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Legislative Assembly for the ACT: 2019 Week 11 Hansard (Tuesday, 24 September 2019) . . Page.. 3800 ..


The ongoing wellbeing of children in our community is a shared responsibility. Child and youth protection services in the Community Services Directorate is dedicated to protecting children and young people who are at risk of abuse and neglect.

CYPS receives, records and responds to all allegations of child abuse or neglect that occur within a family. Those reports are currently running at around 16,000 a year. It is a big job. CYPS relies on members of the community for early identification of those likely to be at risk. In particular, CYPS relies on the community to make voluntary reports of suspected child abuse or neglect and on mandated reporters, certain professionals who are required by law to report physical or sexual abuse. This means that anyone in our community, a teacher, doctor, childcare worker, relative, friend or neighbour can play a significant role in preventing child abuse and neglect and can therefore make an enormous difference in a child’s life. CYPS relies on its community partners, including schools, health professionals and services, childcare providers and all those who work with families to help identify and respond to families who may be in need of support, and children who may be at risk.

In doing so, it is important that people and organisations across the community are able to provide, and are empowered do so, early support to reduce future risks to children involved if they are at risk of neglect or abuse. It is important that anyone considering making a report of suspected child abuse or neglect has a reason for their belief or suspicion. Paying attention to the warning signs of abuse and neglect and engaging and supporting families who may be struggling can prevent serious harm from occurring and ensure that the needs of the child are put first.

In the ACT we are fortunate to have access to a range of valuable services that specialise in supporting families in need. These services, together with CYPS, provide multiple avenues for children and their families to get the kind of help they need. We also have a range of safeguards in the ACT to prevent and respond to suspected child abuse. The working with vulnerable people scheme requires all employees or volunteers to undertake a background check to work with, or provide services to, children and young people.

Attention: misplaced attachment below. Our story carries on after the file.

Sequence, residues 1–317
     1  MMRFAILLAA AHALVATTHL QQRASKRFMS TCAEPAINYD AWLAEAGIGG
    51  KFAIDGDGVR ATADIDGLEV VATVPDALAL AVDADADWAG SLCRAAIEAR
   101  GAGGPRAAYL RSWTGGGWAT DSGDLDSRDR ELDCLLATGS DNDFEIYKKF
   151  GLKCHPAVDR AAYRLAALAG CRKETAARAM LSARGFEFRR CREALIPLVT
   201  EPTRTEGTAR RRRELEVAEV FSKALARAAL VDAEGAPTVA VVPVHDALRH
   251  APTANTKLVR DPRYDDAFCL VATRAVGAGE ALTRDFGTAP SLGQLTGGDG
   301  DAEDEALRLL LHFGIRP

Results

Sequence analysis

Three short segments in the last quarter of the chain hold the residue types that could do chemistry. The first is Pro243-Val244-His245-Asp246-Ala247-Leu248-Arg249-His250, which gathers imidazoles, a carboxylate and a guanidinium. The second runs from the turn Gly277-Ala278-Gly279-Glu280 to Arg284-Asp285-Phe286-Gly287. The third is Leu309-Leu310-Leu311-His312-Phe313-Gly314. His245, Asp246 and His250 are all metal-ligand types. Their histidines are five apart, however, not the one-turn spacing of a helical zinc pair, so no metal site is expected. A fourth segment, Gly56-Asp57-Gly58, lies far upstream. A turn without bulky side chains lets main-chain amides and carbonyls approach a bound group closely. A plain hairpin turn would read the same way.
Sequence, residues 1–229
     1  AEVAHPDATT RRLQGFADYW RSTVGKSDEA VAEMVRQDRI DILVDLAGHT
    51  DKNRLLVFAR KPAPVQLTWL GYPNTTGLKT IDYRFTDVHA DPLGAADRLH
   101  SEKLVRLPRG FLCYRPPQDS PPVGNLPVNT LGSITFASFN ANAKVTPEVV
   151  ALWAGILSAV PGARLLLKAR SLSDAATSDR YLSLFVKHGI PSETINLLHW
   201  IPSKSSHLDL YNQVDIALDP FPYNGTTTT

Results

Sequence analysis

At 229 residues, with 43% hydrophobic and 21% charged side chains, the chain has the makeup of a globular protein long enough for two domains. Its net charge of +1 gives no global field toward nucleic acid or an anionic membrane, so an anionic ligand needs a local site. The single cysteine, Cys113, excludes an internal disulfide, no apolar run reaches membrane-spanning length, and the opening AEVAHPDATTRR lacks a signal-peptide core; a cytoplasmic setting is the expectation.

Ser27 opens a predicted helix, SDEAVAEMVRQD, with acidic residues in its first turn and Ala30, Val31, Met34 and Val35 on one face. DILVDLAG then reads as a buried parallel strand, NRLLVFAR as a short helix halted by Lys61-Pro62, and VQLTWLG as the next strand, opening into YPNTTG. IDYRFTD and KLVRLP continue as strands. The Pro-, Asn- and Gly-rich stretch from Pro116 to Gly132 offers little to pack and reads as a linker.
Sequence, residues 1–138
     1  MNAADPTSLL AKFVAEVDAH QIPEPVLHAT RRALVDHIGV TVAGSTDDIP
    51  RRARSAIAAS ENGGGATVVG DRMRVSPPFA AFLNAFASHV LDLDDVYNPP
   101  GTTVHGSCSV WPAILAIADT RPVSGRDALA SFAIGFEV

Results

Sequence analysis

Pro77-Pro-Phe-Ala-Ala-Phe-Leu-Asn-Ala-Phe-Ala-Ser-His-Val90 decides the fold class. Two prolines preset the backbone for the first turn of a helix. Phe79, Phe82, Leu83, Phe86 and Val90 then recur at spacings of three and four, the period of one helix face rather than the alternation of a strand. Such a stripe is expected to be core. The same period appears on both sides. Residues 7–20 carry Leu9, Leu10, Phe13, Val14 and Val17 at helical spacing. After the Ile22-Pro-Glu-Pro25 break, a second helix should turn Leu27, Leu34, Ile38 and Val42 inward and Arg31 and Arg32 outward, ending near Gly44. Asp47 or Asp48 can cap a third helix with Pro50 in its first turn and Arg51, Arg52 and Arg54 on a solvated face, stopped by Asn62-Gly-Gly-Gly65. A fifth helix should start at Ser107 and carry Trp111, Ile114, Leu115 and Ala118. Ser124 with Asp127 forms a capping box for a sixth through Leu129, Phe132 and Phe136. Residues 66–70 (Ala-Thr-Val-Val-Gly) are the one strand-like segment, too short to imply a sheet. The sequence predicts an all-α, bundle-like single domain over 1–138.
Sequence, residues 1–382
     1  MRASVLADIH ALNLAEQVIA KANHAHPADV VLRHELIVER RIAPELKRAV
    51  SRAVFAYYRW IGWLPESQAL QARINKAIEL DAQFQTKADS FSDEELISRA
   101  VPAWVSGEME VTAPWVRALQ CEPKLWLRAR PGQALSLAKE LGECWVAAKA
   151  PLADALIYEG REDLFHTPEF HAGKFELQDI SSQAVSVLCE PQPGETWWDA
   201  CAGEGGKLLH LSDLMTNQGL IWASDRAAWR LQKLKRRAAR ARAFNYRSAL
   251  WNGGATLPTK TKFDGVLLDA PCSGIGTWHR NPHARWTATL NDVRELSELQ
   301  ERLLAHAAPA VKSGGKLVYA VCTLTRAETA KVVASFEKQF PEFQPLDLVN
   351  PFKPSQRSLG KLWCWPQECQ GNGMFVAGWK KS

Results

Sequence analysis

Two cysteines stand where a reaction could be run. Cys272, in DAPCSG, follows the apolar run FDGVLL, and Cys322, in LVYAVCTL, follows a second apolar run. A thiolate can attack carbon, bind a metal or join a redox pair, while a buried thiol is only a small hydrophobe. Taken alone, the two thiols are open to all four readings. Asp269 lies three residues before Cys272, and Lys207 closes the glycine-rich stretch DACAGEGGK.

Background checking, as part of this scheme, is one of several tools available to inform whether someone poses an unacceptable risk to children and young people using a service. In addition, organisations and individuals can provide information to assist Access Canberra to determine an individual’s suitability for registration. Information can be shared between Access Canberra and other organisations to reduce or remove a risk to children and young people.

Since 1 September, as previously mentioned, all adults are required to make a report to ACT Policing if they form a reasonable belief that a child sexual offence has been committed. This requirement seeks to ensure that all adults in the ACT have a shared obligation to keep children safe and prevent child sexual abuse. Senior staff in organisations that interact with children, including foster and kinship organisations, are now also subject to the failure-to-protect offence, which came into effect last year. This offence is aimed at ensuring that staff do not fail to act to reduce and remove identified risks of institutional child sexual abuse.


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